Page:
The first thing Brazilian people told me when I started my amazing journey around Brazil, was, I quote: “Under no circumstances go anywhere near a favela.” And what do I do on my second day in Rio? Hell, yeah, I’m totally going to a favela!
It’s no joke though, that place can be not just intimidating, but real dangerous and to be honest I was skeptical at first, it certainly wasn’t on my to do list, but everything changed when I met Sally, the super adventurous and fearless American lady, who together with her son are involved in a project helping people living in the favela. She told me so passionately about the project and gained my trust and interest when she mentioned Diogo, who grew up and lives in the favela. Diogo, was going to be our guide around the favela. I decided, yes, I’m gonna go and see how is it.
So yesterday at 5 pm we met, took an Uber and was headed to experience my very unique Brazilian favela visit. Worth to mention the fact that most Uber drivers refuse to drive to the favela because of the crime and danger they may encounter there. So we were driven basically until a certain point in the favela, where Diogo met us and we continued walking around. It was unreal to think that I’m there and can see how people live their life, which is a whole different reality from mine or yours. We walked around a bit, saw the houses built next to each other, saw some people , who were harmless and they minded their own business, greeting Diogo and us as well. I felt safe the whole time, but I’m not writing this to encourage visiting favelas. I think some organized tours might be a good option, but I wasn’t going to take any of those. To me it felt safe because I knew Diogo is part of that community, a respected member, who they know won’t bring people there unless it’s for a good cause.
And speaking of good causes, I’d like to spread the word about the project Diogo is involved with. He is a 33 years old luta livre instructor, which is a kind of self defense sport, that he and another instructor are teaching to the kids in Fogueteiro and some other favelas around Rio. It started small, just a few kids and now had grown to almost a hundred kids from the ghetto, aka favela. The illegal housing in the hills of Rio is the place of lots of illegalities and bad examples for the kids, so the aim of this project is to show kids a way of possibly breaking out from there, teaching them the meaning of community and discipline, basically giving them the hope of opportunity. I’ve seen those kids and their innocence, there love for life and joy was incredible. I received so many hugs and even some spoke a few words in English and were curious to know a bit about me. It was honestly very touching and so sad to realize that unfortunately some of them may turn out gang members,drug addicts or delicvents just because the place where they belong to turns them into that. On the other hand, I witnessed so much potential and desire to succeed. We watched them having one of these self defense classes and they were so determined to do well. Even the youngest one had lots of energy to compete maybe with a more experienced member.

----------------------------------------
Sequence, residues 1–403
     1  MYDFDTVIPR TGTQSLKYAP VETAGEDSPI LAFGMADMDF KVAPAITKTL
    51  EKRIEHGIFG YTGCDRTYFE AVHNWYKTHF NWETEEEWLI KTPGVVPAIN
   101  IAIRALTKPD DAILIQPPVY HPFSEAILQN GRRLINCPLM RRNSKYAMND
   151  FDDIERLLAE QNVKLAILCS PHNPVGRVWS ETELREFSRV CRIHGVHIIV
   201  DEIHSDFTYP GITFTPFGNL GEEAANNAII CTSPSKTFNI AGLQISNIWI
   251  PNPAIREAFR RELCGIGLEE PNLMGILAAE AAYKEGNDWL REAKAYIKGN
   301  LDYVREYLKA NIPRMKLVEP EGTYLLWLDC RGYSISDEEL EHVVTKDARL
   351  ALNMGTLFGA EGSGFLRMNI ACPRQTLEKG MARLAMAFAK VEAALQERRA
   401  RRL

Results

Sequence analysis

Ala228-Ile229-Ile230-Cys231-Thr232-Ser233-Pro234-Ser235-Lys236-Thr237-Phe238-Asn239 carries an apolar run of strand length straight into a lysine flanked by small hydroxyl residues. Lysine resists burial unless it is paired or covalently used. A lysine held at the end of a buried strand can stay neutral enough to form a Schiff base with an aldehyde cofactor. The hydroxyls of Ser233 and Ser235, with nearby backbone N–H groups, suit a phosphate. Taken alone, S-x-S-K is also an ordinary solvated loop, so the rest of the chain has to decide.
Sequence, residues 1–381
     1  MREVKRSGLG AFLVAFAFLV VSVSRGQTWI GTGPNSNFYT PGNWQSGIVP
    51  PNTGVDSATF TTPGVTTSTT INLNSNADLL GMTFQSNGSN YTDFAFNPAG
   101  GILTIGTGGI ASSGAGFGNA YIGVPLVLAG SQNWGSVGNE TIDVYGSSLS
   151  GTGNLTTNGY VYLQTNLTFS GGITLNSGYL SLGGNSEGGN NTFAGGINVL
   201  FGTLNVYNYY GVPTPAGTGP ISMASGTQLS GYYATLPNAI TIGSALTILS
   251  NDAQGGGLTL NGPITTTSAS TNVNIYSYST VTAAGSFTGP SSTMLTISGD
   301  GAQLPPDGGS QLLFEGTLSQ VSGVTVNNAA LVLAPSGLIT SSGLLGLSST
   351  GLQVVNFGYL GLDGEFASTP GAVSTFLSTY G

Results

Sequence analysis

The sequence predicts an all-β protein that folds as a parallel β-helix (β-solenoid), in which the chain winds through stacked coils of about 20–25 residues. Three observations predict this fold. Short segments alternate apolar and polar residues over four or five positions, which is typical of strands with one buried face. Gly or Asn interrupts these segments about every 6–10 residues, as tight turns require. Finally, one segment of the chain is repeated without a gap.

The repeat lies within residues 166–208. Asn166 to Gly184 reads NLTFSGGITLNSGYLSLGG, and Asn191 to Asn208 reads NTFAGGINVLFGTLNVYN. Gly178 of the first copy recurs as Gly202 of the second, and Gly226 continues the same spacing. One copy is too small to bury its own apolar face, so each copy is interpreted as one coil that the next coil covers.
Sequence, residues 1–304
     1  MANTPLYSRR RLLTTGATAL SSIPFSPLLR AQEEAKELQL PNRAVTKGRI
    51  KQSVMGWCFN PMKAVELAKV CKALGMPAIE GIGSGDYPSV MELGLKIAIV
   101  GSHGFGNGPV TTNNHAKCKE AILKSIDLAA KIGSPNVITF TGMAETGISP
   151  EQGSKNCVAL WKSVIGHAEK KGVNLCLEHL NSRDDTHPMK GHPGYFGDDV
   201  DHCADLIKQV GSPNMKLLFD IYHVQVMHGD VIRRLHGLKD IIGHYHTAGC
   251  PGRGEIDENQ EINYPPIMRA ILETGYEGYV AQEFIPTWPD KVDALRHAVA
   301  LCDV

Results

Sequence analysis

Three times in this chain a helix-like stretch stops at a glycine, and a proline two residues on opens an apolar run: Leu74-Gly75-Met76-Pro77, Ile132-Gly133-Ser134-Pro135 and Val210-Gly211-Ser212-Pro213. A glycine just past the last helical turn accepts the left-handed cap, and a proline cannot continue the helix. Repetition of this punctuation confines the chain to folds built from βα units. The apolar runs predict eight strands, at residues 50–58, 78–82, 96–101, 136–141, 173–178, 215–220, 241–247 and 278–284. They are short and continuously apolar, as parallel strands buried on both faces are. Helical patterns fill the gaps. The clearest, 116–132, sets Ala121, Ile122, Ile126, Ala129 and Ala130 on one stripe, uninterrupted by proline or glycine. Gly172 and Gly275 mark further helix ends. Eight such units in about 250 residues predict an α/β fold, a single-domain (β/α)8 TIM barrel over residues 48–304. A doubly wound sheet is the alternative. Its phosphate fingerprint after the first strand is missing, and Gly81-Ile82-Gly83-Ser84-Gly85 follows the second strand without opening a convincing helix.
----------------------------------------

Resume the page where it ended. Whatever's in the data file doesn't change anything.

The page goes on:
Some parents joined us to watch the self defense course and they were super nice, although they spoke no English. From what I heard there are lots of hard working people that have been stuck in the favela and navigate through the tough life that they have been given, every day facing possible danger.
To get to know more about the project helping these kids, go to https://www.gofundme.com/f/d5eg9f-favela-fighters?utm_campaign=p_cp+share-sheet&utm_medium=copy_link_all&utm_source=customer and if you can donate a bit , please go ahead , every little means a lot for a child growing up less fortunate than you.
As we finished watching the self defense training and the heavy rain calmed down a bit, we continued our way around the favela, still got soaking wet within minutes, seeing a lot up Rio from a different angle.
At some point, at the site of the Main Street we saw a guy with a massive guy just casually hanging out. Not an everyday vista, but we were safe with Diogo. As we reached a reasonably safe place, we called an Uber and left the favela. I was so emotional and touched and in the same time humbled and grateful, it was a good reminder to don’t take things for granted and enjoy the little things just like the kids enjoyed the rain. They got wet and they didn’t care, they just laughed and run around. This memory of seeing powerful on another level but still combined with joy, happiness and so much potential, will stay with me for a long while. Having had the opportunity to see this side of Rio is really a unique chance that the regular traveler doesn’t get.